OK, so we know there’s sufficient rent to run government, to support a living wage basic income, and to keep the currency stable? (ATCOR & EBCOR, John Locke, Mason Gaffney, Joseph Stiglitz, &c.)
And that we’d eliminate rent-seeking, and all the deadweight losses created by taxes on productivity. However, after this Twitter exchange with Lindsay David suggesting it would also solve our industrial relations problems, I got to thinking about who might possibly oppose a universal living wage basic income.
After a week up the coast it’s pretty clear Sydney will eventually lose more locals to regional NSW and elsewhere. And big business could save a fortune shifting administrative roles et al out of the CBD and Metro area320
Replying to @linzcom It’s looking that way. I’m expecting businesses’ 3rd iteration: when an Australian living wage basic income is introduced, they’ll only have to pay some amount additional to the UBI to attract employees. IR solved! 2:40 PM · Oct 10, 2020·Twitter Web App
So, I began to ask myself who might be against a decent socio-political arrangement that could introduce an economy of abundance. I discovered five potential answers:-
- Although small businesses would be in favour of a UBI, banking and the big monopolies, who currently make super-profits from extracting rent from the economy, would be against the idea because it clearly acts to reduce their super-profits/unearned incomes.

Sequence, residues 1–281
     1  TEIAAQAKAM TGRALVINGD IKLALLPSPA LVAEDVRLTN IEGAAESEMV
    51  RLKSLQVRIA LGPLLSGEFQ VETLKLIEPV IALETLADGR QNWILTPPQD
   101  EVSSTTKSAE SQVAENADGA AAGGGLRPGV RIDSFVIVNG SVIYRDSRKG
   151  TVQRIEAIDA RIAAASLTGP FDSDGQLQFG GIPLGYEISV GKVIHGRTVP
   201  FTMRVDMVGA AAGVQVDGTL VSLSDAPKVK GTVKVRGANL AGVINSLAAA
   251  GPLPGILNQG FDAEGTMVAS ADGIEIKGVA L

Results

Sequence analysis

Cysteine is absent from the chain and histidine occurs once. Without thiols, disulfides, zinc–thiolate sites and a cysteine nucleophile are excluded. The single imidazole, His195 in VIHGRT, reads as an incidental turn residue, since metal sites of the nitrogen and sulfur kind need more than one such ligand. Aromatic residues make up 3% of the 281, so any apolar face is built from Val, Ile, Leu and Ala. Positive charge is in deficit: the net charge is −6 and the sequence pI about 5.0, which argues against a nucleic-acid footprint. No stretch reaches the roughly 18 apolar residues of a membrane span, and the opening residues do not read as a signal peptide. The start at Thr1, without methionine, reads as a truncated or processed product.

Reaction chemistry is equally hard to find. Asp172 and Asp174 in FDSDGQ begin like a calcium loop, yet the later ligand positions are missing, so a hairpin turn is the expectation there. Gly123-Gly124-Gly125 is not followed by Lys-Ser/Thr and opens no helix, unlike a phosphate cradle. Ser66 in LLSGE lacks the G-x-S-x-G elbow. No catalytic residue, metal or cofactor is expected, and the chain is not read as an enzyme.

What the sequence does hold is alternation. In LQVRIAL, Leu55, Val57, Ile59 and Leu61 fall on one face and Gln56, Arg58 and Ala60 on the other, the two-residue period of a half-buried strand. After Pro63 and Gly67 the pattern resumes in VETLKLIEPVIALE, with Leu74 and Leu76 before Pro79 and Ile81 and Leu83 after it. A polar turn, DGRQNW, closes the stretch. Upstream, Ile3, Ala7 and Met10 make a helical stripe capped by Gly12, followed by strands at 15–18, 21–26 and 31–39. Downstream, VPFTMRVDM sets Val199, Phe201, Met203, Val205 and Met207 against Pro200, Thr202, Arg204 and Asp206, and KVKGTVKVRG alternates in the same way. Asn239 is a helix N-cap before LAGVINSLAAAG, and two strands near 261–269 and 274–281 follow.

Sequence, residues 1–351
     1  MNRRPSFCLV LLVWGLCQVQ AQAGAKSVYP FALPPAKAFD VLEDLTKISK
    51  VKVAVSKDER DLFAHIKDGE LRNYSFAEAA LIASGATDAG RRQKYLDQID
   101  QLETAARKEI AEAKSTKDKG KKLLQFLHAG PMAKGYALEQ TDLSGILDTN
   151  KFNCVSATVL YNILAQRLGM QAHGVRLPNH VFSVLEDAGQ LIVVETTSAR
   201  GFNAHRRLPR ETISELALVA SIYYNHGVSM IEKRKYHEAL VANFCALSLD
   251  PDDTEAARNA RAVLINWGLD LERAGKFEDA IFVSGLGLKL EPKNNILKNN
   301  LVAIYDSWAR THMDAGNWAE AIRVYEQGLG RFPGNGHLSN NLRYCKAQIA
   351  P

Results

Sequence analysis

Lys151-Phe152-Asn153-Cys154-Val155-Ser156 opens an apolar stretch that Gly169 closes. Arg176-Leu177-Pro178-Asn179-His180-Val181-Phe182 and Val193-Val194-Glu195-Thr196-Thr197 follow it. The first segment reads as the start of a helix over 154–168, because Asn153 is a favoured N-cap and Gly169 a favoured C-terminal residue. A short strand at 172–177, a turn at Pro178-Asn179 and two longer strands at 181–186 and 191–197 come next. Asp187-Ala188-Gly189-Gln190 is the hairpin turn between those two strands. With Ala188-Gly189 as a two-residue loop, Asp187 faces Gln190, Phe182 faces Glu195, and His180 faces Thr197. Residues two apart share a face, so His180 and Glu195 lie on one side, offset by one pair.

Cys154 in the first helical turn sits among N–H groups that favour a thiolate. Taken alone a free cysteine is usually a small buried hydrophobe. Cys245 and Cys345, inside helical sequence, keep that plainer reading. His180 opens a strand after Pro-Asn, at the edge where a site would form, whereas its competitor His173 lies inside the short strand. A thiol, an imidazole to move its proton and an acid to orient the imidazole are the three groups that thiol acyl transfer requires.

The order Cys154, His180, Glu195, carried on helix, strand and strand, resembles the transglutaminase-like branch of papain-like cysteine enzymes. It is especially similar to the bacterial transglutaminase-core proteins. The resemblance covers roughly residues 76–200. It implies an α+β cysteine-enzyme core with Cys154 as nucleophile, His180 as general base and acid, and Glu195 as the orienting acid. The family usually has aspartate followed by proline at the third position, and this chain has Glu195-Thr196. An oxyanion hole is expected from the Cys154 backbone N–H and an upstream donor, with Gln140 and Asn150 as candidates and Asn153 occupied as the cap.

2. Then, if it solves industrial relations problems, what’s the role of the union movement? Wouldn’t it only have a ‘keep watch’ involvement then? And wouldn’t the system act to reduce super-profits of industry superannuation funds, as also with the the commercial funds (and other monopolies)? So, they might be against a UBI, too! (But a UBI would surely help workers!)
3. I also realised that those modern monetary theorists who are wedded to the idea of a ‘job guarantee’ would probably resist a living wage UBI, not because it wouldn’t work for people, but because it shows up the silliness of what amounts to gig jobs (i.e. enforced work for the minimum wage).
4. Then there’s The Church. They’re into rent-seeking, too. In the days of the land rent, they would have supported the idea of a universal living wage basic income, because it wasn’t at all necessary! But in these days, where “The land shall not be sold” and usury have been relegated from any public consideration, isn’t it everyone’s ‘moral duty’ to work? So maybe the churches will resist a UBI, too?
5. Then there’s a media beholden to all of the above, in favour of a ‘rightful and proper status quo‘, even in view of the widening income gap and collapsing economies!